Posted Jan. 30, 2018
Josh Bernoff's survey on the 2016 State of Business Writing found that writers spend limited time on rewrites. He surveyed 547 businesspeople who write at least two hours per week for work, excluding email. He discovered that while they spend 45% of their writing time on prep and research, they devote only 19% to rewrites.
That finding may help account for why his respondents also rate the overall effectiveness of the business writing they read at a mediocre 5.4 out of 10.
Revising is often where the real magic happens, where mediocre writing is rewritten, fine-tuned, and polished until it shines. As author Roald Dahl said, “Good writing is essentially rewriting.”
Studies also underscore the importance of revision. When researchers from the University of Albany surveyed revising practices in schools, they found distinct differences between skilled and ineffective revisers. Effective revisers were able to “improve the quality of the text they generate” by spending a “greater proportion of time” in revision. By contrast, ineffective revisers would devote “negligible time to revising.”
Part of that finding seems to stem from a lack of understanding around what revision is. Specifically, ineffective revisers would focus on surface-level changes that would not appreciably impact the quality of the writing; they focused on correcting spelling, grammar, punctuation, etc., whereas skilled revisers spent their time on deeper changes to content, structure, and meaning.
This is a common misperception, particularly among business writers. Proofreading, editing, and rewriting are different – and separate – forms of revising. Rewriting represents large, often wholesale changes to the first draft. Rewrites are very common for professional writers: Ernest Hemingway, for example, told The Paris Review that he rewrote the ending of Farewell to Arms 39 times before he was satisfied. The rewriting process can be brutal, which may explain why so many business writers shy away from it. Sometimes you have to “murder your darlings,” as Arthur Quiller-Couch advised in his 1913-14 Cambridge lectures “On the Art of Writing.” In other words, sometimes you must change aspects of the work that you personally love if you want to strengthen the work as a whole.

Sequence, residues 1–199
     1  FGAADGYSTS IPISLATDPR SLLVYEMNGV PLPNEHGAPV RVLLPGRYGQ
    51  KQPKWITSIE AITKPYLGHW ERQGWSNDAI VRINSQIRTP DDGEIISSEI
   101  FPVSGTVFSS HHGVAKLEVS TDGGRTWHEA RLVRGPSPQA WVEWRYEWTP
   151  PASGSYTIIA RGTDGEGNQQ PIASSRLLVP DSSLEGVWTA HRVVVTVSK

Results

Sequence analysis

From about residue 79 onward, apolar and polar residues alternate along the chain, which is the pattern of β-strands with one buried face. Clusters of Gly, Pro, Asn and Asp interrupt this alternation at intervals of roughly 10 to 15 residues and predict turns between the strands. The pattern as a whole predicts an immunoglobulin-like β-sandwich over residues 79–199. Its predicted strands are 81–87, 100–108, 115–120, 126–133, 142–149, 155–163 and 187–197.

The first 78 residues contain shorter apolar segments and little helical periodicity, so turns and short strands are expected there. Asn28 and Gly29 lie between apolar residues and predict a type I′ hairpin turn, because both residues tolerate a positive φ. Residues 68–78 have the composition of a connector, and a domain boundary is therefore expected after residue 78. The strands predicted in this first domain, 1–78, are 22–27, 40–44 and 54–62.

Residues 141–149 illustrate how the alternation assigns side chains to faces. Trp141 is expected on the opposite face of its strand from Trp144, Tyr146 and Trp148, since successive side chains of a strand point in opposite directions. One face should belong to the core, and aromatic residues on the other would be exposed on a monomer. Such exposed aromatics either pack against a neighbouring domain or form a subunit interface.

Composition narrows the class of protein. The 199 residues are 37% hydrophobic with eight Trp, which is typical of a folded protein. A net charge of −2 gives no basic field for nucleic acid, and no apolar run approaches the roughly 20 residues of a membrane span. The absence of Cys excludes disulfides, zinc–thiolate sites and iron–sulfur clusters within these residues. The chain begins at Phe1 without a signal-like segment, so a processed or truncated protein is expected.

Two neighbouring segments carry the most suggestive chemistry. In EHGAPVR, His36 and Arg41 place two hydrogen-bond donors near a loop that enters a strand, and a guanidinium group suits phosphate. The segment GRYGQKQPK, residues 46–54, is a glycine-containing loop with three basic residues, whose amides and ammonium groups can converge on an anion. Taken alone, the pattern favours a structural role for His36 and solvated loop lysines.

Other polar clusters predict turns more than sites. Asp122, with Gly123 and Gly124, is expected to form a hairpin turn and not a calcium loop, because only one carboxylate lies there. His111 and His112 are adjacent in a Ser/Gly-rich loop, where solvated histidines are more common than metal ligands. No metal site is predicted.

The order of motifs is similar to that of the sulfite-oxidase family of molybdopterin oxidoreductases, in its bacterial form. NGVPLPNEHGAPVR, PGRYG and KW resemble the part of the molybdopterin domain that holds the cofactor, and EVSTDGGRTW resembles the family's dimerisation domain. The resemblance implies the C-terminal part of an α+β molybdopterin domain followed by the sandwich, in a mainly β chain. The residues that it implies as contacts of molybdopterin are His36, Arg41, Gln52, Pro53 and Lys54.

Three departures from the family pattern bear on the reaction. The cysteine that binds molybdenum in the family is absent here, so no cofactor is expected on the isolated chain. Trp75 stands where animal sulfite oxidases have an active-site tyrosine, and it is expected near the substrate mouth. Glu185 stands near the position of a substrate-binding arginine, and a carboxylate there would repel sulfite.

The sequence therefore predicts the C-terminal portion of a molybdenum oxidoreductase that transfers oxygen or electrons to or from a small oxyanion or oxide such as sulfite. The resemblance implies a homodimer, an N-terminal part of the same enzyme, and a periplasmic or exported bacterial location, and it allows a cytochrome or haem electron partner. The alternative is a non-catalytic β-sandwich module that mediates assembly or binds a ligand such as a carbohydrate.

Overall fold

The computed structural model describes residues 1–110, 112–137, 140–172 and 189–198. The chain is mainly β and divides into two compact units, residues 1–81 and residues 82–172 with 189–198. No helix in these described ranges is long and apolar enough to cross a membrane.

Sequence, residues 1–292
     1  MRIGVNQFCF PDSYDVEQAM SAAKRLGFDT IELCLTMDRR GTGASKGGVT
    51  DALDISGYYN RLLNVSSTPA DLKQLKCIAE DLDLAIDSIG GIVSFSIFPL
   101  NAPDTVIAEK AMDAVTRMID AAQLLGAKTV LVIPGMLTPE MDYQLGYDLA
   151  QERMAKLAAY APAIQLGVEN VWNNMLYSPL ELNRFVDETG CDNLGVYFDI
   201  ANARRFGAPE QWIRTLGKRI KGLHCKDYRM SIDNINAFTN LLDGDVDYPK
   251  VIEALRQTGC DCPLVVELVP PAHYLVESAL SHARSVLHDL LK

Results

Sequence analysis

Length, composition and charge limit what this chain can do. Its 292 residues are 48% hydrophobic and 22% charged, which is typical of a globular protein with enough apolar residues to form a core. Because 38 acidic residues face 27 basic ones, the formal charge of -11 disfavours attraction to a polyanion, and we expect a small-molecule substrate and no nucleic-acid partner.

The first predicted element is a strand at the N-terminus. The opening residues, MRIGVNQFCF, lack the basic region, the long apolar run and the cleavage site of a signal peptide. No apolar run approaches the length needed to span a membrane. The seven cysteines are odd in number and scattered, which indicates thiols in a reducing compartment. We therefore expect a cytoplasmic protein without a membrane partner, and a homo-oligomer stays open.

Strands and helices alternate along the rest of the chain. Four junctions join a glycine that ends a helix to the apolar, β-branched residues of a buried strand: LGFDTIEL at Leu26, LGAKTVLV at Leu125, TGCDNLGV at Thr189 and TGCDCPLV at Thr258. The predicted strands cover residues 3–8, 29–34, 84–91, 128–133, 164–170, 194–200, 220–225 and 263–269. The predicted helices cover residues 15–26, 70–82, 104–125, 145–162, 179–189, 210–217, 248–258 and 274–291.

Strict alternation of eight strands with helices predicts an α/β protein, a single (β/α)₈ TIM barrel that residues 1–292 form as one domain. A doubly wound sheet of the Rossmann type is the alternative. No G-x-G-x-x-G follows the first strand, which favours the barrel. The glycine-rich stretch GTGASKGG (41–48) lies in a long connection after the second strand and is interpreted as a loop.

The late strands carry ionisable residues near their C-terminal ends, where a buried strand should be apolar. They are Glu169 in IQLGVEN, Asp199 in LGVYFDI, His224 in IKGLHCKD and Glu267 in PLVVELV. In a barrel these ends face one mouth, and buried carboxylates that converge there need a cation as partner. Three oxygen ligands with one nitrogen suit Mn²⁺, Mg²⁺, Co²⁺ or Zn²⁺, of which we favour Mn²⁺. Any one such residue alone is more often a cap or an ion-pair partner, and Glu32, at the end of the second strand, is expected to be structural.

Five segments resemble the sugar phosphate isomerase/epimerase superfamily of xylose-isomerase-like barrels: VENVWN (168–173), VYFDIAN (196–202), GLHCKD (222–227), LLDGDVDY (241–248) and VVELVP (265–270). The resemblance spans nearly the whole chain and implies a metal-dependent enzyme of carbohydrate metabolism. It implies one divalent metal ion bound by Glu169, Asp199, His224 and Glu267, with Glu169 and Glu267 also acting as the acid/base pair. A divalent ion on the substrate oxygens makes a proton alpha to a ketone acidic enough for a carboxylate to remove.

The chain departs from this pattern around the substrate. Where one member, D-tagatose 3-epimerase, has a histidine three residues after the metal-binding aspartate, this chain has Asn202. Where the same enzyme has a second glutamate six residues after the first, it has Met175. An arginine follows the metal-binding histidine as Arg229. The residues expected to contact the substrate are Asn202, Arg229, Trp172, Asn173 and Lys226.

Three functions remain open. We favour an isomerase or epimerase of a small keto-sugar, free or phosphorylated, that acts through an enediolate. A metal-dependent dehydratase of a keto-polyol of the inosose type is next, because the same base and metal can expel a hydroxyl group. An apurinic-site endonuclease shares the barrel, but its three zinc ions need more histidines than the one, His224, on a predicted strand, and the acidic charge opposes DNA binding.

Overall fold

Editing, in turn, focuses on prose and style and ensuring the basic architecture of the written piece works well. Changes can still be significant but tend to be more narrowly focused. Finally, proofreading catches the pesky little errors that slip into everyone’s writing, ranging from misspellings to transposed punctuation (like thi.s).
One reason that revisions bedevil so many writers – and why so few writers may attend to them – is that we need good feedback to make good revisions. It can be prohibitively difficult, even for good writers, to maintain an objective point of view about what works and what doesn’t. Helpful constructive criticism (with emphasis on “constructive”) can be invaluable during the revising writing process, but too few workplace writers receive such input. Only half of the business writers Bernoff surveyed said that they got the editorial feedback they needed, and even fewer – just one-third – thought their company had an effective feedback process. Consequently, not only should individual writers spend more time revising, their organizations should beef up their internal feedback process.
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